The National Park Service initially built the Apgar Lookout in 1929. Within two weeks of completion, the Half Moon Fire destroyed it. The Park Service rebuilt the structure you see today in 1930. It’s on the National Register of Historic Places.¹
This area is off the radar for most visitors during the summer. After the snow has blanketed the high country trails in the fall, this is a good option. If you’re ambitious, it is a definite consideration for a midwinter ski trip.
From the West Entrance Station of Glacier National Park, drive to the ‘T’ intersection and then turn left onto the Camas Road. Travel about 1.2 miles and turn right onto to the Fish Creek Campground Road. After another mile, you should arrive at the junction for the Inside North Fork Road. Turn left and proceed along the narrow winding gravel road for 6.6 miles. Its blind curves can be dangerous. Be sure to stay on your side of the road.
In 1901, the Butte Oil Company carved a 40-mile path through the wilderness from Apgar to Kintla Lake. The rough, ungraded wagon road with stumps and bogs was made to haul oil drilling equipment to exploit the oil seeps found near the head of Kintla Lake. The well was drilled. It did not produce and was eventually abandoned.4 The original wagon path morphed into our Inside North Fork Road.2
Your clue that the drive is coming to an end is the bridge over Camas Creek. Shortly after crossing the stream, you should see the Camas Creek Trail sign on your right. The road is closed to automobiles a couple hundred feet beyond the trailhead.
Repeated flooding near Anaconda and Logging Creeks has rendered the road unsafe for cars and trucks. It’s an expensive fix. The park service has been evaluating their options. Despite that, hikers and bikers are welcome to use the road.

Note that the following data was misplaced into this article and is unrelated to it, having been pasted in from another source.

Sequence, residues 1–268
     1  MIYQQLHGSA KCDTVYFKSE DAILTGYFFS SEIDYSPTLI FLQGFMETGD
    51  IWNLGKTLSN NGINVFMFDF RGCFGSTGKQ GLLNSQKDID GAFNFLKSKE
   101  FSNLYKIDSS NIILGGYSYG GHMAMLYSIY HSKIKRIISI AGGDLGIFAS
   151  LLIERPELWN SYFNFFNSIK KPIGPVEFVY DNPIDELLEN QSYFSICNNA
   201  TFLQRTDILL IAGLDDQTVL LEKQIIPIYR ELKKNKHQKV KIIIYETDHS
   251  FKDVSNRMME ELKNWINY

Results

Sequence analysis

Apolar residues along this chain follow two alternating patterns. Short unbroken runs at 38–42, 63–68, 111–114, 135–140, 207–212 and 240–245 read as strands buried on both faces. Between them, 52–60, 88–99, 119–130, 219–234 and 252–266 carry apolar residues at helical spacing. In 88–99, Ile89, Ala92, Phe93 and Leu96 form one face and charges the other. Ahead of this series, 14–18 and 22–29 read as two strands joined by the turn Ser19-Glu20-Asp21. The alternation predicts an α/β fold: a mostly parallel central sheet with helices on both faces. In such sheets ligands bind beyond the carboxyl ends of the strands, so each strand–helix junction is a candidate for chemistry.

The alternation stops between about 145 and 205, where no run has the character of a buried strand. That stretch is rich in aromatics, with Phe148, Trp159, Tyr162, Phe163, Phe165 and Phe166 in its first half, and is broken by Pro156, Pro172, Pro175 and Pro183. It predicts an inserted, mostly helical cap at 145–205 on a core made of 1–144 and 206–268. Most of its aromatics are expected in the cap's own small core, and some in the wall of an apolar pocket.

To Christensen Meadows
Straightaway, the path enters a lodgepole pine forest. But after only 0.3-miles, it breaks into extensive open areas. This is the beginning of Christensen Meadows.
Although the scenery does not match that of Rogers Meadow, the history is every bit as interesting. Ernest Christensen established his 160-acre homestead in 1896. He paid $16/acre which at the time was considered to be at the high end of its value.1
He and his neighbor Josiah “Joe” Rogers went away for a while to serve as packers in the Spanish-American War of 1898. When Christensen returned, he continued making improvements to his homestead. Some of these included the construction of a new log home, barns, root cellar, well, and fencing. He raised timothy hay and sold it to tourists and the Park Service. This hardworking settler also did horse packing with Joe Rogers and operated his own tourist business at Lake McDonald.1
Onward to Rogers Meadow
As you continue down the trail, you will notice that Camas Ridge, to the north, has burned in the past. The 70,609-acre lightning-caused Moose Fire of 2001 is to blame. To the south is Howe Ridge. The most recent burn, of course, was the Howe Ridge Fire. But, the man-caused Robert Fire of 2003 consumed 52,747 acres which included Howe Ridge. That promoted thick lodgepole pine growth and left an abundance of sizeable dead timber. The summer of 2003 has been referred to as the “Summer of Fire.” Fires that season burned 13% of Glacier National Park. It was the worst fire season in the park’s history.3